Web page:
In the 20th Century, making the news was almost entirely the province of journalists; the people we covered, or ?newsmakers?; and the legions of public-relations and marketing people who manipulated everyone. The economics of publishing and broadcasting created large, arrogant institutions — call it Big Media, though even small-town newspapers and broadcasters exhibit some of the phenomenon’s worst symptoms.
Big Media, in any event, treated the news as a lecture. We told you what the news was. You bought it, or you didn’t. You might write us a letter; we might print it. (If we were television and you complained, we ignored you entirely unless the complaint arrived on a libel lawyer’s letterhead.) Or you cancelled your subscription or stopped watching our shows. It was a world that bred complacency and arrogance on our part. It was a gravy train while it lasted, but it was unsustainable.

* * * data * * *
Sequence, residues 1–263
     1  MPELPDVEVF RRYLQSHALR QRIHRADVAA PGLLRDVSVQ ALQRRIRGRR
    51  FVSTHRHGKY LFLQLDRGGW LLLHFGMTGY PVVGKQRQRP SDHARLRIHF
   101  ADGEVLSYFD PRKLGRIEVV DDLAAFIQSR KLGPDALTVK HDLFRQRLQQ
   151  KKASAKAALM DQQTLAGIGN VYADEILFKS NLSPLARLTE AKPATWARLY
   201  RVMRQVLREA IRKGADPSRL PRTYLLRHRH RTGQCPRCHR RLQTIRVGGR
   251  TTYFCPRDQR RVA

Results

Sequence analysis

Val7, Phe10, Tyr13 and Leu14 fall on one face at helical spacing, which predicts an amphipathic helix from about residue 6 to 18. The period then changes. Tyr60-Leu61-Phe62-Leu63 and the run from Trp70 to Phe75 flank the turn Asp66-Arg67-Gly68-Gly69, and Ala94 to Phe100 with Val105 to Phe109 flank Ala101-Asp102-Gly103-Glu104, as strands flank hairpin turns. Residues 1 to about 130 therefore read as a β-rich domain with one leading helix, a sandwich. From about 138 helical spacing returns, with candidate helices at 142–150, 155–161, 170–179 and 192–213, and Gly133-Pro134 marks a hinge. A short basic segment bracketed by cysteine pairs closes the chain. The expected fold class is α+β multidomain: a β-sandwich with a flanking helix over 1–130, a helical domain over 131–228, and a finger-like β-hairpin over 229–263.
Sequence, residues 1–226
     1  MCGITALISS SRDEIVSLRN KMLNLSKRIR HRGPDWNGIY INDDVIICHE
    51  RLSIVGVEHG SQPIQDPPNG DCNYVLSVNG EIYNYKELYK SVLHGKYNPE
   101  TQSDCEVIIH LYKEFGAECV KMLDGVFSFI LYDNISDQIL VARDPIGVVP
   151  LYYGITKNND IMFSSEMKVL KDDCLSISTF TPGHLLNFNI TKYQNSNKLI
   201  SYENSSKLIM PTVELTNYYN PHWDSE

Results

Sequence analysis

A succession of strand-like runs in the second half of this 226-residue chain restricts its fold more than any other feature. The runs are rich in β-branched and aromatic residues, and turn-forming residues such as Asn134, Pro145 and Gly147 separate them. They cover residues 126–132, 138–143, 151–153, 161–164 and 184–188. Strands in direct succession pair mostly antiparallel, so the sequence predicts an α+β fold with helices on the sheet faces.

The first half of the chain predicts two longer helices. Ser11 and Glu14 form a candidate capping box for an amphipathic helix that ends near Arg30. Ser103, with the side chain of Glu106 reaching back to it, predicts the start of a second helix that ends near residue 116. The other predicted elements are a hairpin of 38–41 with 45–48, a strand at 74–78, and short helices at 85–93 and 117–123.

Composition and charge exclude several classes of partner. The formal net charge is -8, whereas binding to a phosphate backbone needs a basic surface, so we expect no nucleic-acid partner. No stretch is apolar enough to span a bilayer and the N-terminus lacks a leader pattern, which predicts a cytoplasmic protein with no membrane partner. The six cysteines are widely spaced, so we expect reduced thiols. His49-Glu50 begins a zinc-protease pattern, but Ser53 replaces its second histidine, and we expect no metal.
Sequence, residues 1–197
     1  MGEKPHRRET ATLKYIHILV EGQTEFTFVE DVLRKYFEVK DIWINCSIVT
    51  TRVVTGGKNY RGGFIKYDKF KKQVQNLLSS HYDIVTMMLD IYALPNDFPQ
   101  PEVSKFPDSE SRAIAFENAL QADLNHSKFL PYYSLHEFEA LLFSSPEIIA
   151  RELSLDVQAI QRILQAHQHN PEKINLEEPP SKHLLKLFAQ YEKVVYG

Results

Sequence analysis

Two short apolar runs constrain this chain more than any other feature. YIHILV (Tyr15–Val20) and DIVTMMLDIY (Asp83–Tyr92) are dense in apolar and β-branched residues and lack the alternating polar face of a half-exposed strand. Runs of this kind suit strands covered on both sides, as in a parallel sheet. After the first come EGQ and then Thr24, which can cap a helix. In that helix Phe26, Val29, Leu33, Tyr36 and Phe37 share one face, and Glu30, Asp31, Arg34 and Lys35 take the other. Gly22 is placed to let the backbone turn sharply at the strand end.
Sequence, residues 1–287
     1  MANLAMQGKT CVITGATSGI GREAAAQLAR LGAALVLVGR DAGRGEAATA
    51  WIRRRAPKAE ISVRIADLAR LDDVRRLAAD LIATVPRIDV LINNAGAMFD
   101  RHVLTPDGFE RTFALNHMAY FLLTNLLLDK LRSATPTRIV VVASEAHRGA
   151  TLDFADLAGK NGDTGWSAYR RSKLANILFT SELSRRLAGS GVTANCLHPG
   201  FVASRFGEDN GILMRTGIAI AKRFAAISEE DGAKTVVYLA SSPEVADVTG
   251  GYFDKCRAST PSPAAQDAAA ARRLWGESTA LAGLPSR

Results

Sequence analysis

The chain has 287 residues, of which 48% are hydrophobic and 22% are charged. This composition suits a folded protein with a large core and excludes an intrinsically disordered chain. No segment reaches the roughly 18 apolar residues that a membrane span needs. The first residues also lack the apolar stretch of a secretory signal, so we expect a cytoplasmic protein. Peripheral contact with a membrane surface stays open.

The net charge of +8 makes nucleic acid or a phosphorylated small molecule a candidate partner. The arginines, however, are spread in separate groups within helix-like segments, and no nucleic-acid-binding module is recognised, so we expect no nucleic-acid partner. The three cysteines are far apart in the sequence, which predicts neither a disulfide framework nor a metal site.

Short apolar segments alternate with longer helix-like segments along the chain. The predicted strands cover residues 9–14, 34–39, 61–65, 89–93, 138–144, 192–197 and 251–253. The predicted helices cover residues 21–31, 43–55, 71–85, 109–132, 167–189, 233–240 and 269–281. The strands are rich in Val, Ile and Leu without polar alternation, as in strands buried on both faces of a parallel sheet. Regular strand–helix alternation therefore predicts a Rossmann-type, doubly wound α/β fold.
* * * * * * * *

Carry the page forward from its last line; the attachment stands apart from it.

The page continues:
Tomorrow’s news reporting and production will be more of a
conversation, or a seminar. The lines will blur between producers and consumers, changing the role of both in ways we’re only beginning to grasp now. —Dan Gillmor
—Making the News: Book Introduction (Draft) (eJournal)
Gillmor has posted part of his forthcoming book, and is inviting comment. Today’s a heavy grading & teaching day for me, and I’ve already got a backlog… maybe I’ll come back to this later.